After five centuries of dinner-skipping Swiss cuisine, Avenches’ Terrible Willo Espresso Roastery & Bar – an absolute institution in all things global – is closing.
Known as the “Graffiti Café,” Terrible Willo stood on the corner of Avenue C and Beauverne, in the kitchen of a former dairy shop, since 1896. What the kitchen lacked in efficient efficiency, its diners more than made up for.
The Roastery & Bar, as it was known, hosted live music and vaudeville-style shows at its old stage. And the cafe’s quiet deadpan counter counter is made to resemble a battle, with serfs juggling chopped wood and tables being pulled up so cannon fodder could be stored. Other than the soup, cheeses and pastries, it is impossible to argue with any day of the week.
Fortunately, the place is being targeted for redevelopment. The owner plans to open a grocery store or barbecue spot on the space. So the Roastery will never really close. It’ll just be replaced. It’s a move that underscores a growing problem: We are, once again, becoming increasingly ambivalent about our food choices. According to a survey of over 19,000 people carried out by Kantar Worldpanel this month, 79 percent of consumers use coupons. But the food trend is even more concerning: two thirds of Americans eat food they’re supposed to dislike and one in five eat food they’re supposed to love.
When was the last time you ate something you didn’t like? Never? Try on a piece of spinach salad in the mirror and ask yourself if you even know what greens taste like.
Despite the seemingly violent acts in food, Americans still like to think we are an upper middle class, healthy society that can consistently and easily tell the difference between pho noodles and barbecue sauce. We know that Snickers bars, cookies and ice cream are for kids. We know that a burger and fries are wrong.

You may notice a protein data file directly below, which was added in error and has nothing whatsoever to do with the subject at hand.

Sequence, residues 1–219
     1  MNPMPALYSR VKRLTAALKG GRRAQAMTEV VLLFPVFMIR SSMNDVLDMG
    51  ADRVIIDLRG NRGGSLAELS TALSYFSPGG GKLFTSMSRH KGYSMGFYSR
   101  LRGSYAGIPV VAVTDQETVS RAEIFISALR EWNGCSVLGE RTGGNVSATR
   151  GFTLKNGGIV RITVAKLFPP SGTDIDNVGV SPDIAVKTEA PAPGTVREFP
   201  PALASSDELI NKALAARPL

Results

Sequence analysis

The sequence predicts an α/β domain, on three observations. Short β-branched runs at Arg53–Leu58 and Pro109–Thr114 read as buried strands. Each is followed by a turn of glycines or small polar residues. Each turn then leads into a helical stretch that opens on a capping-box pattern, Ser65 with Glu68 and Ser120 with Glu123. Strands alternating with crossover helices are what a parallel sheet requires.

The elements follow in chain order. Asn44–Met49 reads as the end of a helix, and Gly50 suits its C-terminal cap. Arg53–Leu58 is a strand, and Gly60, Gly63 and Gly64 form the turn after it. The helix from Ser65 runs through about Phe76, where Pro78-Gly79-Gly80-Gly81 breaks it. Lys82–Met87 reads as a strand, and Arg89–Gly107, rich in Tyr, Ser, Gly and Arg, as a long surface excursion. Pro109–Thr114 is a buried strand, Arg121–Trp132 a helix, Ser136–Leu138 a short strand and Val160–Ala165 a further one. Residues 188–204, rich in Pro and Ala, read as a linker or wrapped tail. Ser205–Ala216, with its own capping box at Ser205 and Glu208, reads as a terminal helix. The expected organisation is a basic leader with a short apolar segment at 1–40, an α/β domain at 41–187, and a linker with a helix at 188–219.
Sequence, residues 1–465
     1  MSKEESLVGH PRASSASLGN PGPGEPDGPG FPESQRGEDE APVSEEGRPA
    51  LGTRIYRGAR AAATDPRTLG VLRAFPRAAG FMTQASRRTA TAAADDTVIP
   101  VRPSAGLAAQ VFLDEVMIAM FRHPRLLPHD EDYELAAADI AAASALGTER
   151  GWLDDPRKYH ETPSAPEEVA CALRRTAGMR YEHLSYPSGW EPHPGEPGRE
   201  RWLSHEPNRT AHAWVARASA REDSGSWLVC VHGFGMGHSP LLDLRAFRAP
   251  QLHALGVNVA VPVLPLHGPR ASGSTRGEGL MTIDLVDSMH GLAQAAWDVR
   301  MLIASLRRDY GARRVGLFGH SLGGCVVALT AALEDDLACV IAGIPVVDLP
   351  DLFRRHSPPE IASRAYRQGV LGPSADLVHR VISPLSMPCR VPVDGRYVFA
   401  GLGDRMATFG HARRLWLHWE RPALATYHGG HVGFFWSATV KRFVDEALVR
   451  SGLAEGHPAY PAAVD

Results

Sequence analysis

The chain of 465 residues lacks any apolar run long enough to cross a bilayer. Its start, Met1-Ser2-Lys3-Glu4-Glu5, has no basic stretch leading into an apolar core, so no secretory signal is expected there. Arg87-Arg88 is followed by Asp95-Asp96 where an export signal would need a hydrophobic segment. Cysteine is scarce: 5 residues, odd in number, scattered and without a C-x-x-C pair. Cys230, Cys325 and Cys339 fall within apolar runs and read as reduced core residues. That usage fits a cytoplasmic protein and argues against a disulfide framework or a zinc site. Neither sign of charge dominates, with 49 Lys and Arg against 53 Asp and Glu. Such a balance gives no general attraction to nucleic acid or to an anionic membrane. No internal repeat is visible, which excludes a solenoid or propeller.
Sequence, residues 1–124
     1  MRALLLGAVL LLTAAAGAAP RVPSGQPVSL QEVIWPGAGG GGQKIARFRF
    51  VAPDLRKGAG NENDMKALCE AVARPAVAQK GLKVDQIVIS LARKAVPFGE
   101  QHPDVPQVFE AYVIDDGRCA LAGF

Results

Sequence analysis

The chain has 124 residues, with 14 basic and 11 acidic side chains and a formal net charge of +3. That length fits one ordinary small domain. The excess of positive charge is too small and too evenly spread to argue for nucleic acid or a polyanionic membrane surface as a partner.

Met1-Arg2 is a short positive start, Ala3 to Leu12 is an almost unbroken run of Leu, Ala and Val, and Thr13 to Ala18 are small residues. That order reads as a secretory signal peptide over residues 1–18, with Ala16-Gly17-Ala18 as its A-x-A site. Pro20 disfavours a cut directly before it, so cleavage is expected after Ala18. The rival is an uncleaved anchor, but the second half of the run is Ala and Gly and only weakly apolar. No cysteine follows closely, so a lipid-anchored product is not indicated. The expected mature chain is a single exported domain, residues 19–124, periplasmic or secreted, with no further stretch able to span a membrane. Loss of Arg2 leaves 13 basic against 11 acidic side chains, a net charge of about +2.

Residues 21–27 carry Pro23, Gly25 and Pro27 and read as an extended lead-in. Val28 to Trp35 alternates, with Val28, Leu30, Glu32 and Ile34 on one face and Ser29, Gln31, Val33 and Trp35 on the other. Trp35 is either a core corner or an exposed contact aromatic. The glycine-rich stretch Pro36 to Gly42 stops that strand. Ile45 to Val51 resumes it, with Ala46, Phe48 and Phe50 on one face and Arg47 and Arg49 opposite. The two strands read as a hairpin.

So why are Americans growing so sick of eating things we don’t like? After a lifetime of studies and research, we now know that we are not very good at picking up on certain tastes. We are so slavishly devoted to the opinions of others that it is fast becoming a secular religion. Just ask your food critics (or food porn people). Food preferences come and go at the whim of colleagues, the people who engage you in a food argument in public, the people who list what you ate today, the people who haven’t had that kale, and who doesn’t even like the thing your husband made you for dinner. If you feel like you’re eating something different every time, it may not be your brain. It may actually be your brainiacs on Pinterest trying to help you pick out vegetables that won’t cause a chemical imbalance or a side of rats’ tails or some cheese spread that has eaten your favorite tangy lemon meringue pie.
A small purchase in the real world is something you take pride in and earn in terms of your wallet. We’re living in a nightmare land where the only thing that should inspire excitement and bravery in our purchases is the rare red onion roll with Parmesan cheese at your local deli. Like a selfie-obsessed friend who seemingly wants you to show you liked whatever she tweeted on Instagram, people buy whatever they feel the heat of approval in the social media community.
The Roastery will go on to be replaced by a new venue. Who knows what will replace Terrible Willo, but this is a good time to review whether or not you agree with all that food you don’t like.
This story first appeared on Newsday.com
Elizabeth Ritter has more than ten years of experience covering politics and government for the Newsday newsroom.
Avenches village website